Is the current political and social divisiveness really new or just a continuation of a very old and fundamental struggle? Perhaps a look back to our nation’s founding will offer a clue.
In the 18th century the American idea was definitively forged. It was a time when a principle referred to as Natural Law would yield radical concepts of equality and inalienable rights — rights that would eventually lead to the end of involuntary servitude and give rise to individual freedoms of speech, religion and other treasured liberties enumerated in the Constitution’s Bill of Rights.
What is Natural Law? The founders were greatly influenced by a revolutionary concept that basic human rights were not something to be dispensed by kings or other autocratic rulers. Rather, they believed individual human rights were providential and cemented in Natural Law that could be understood through application of logic and science. Among these rights, cited in the Declaration of Independence, were life, liberty and the pursuit of happiness.
These rights were believed inalienable and could never be superseded by the lesser laws of men. Elected bodies could fashion legislative or “positive law” to facilitate civil order and administration, but such rulings were forever subservient to an individual’s human rights.
Never miss a local story.
It was upon these revolutionary principles that our Constitution was crafted with heavy emphasis on individual liberty, the rule of law, and government with very specific and limited powers. It followed that responsible individuals collaborating with fellow citizens in their respective communities could best manage their own affairs. Prior to the American Revolution with its foundation of Natural Law, the notion of government by consent of free men and women simply wasn’t conceivable.
Most leaders of the American Revolution were believers of the new and radical concepts of individual liberty and inalienable rights, but not all. Reactionary doubters of that time expressed varying degrees of opposition and some even wanted to make George Washington the first American king.
The doubters persisted and more than a century later President Woodrow Wilson would openly express uncertainty about the founding principle of limited government. He believed the Constitution was speaking to the conditions of its time and didn’t anticipate the needs of a modern, complex and growing world power. Intellectuals of his time were influenced by philosophers like Friedrich Nietzsche who argued that “there are no facts, just interpretations.” In the first half of the 20th century, other members of the doubting class were inspired by Karl Marx and the Russian Revolution with its alluring promises of a classless society and universal equality.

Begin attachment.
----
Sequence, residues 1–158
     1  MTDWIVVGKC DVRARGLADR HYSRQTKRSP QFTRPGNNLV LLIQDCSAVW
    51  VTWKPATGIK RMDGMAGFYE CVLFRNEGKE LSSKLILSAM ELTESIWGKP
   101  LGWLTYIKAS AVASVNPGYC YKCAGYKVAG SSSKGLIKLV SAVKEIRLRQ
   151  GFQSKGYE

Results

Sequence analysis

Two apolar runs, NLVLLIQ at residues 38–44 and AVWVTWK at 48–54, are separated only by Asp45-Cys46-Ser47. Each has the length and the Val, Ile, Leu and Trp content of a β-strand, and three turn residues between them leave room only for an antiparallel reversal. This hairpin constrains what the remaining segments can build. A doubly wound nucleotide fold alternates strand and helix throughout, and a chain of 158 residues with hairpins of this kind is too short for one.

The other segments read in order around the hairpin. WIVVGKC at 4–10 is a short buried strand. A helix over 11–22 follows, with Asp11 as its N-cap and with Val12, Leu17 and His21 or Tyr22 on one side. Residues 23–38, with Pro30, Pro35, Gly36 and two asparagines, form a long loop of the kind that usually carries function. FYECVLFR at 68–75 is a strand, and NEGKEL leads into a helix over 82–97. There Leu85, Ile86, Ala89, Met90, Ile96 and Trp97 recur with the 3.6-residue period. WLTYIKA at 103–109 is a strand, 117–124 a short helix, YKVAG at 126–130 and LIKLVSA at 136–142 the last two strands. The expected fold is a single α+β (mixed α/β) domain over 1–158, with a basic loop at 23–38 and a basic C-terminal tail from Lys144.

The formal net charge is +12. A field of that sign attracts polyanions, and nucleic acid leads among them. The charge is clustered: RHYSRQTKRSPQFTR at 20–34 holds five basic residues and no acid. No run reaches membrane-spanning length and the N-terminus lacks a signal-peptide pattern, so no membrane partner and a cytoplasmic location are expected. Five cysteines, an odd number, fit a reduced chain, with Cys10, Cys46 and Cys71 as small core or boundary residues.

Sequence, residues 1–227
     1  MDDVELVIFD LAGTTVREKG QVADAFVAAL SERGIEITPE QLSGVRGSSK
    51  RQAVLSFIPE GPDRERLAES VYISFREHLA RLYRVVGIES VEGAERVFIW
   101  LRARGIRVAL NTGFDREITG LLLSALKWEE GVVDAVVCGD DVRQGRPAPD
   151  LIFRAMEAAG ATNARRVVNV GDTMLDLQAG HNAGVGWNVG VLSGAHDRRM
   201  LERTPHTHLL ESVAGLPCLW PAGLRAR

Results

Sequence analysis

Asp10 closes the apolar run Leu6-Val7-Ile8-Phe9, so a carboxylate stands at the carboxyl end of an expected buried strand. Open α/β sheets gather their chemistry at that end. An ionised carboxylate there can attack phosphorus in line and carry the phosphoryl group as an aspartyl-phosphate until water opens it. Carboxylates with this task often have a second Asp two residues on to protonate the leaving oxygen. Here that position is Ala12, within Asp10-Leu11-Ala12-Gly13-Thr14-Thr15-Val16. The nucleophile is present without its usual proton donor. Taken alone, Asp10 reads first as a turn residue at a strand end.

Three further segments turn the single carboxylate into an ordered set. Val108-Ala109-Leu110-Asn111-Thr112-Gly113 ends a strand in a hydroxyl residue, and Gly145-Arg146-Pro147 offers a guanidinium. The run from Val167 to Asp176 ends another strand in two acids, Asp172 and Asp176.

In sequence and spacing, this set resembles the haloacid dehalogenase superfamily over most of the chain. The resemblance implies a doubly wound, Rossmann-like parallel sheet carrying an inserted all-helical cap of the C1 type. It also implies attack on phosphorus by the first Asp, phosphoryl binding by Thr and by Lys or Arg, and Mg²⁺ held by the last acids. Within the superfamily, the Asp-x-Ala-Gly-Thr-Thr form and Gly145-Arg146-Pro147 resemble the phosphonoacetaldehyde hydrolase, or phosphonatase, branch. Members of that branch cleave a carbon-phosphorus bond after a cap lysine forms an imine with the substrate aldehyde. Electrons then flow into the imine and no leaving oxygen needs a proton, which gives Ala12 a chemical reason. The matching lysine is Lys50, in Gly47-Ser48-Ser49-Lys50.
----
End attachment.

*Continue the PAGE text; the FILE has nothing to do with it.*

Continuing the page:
Today’s revolutionary believers represent a remarkable diversity of ethnic and cultural origins. They remain faithful to the American idea and stand vigilant over their treasured legacy. Heirs of the revolutionary doubters, however, continue a relentless search for foundational weaknesses. Many claim the mantle of modernity and positive change. Some challenge the providential source of individual rights and believe that nothing is immutable. Others still believe that the basis of traditional beliefs and guiding principles are nothing but social contrivances ripe for change.
While modern-day doubters no longer promote the primacy of kings, they continue to believe that an ever-growing and powerful government is necessary to implement their ideals. Individuality, rule of law, free enterprise, religious faith, and diversity of thought and speech are increasingly challenged as outmoded, unscientific or even barriers to human progress.
If today’s divisiveness is a continuation of a centuries-old struggle between revolutionary believers and doubters, will believers remain worthy of a democratic republic based on individual freedoms and limited government? Or will the doubters finally breach the founding principles and storm the last great bastion of freedom?
A founding believer, Benjamin Franklin, following the Constitution Convention, said:
“I agree to this Constitution … and I believe, further, that this is likely to be well administered for a course of years, and can only end in despotism, as other forms have done before it, when the people shall become so corrupted as to need despotic government, being incapable of any other.”
Franklin’s admonition makes it clear that the greatest threat to our Constitution and the American idea is corruption. In a democratic republic, the threat of corruption is not that of kings, but of “we the people” — people who no longer believe.
Terry Oxley is a member of The Olympian’s Board of Contributors. He is retired from the military and a communications career at Puget Sound Energy.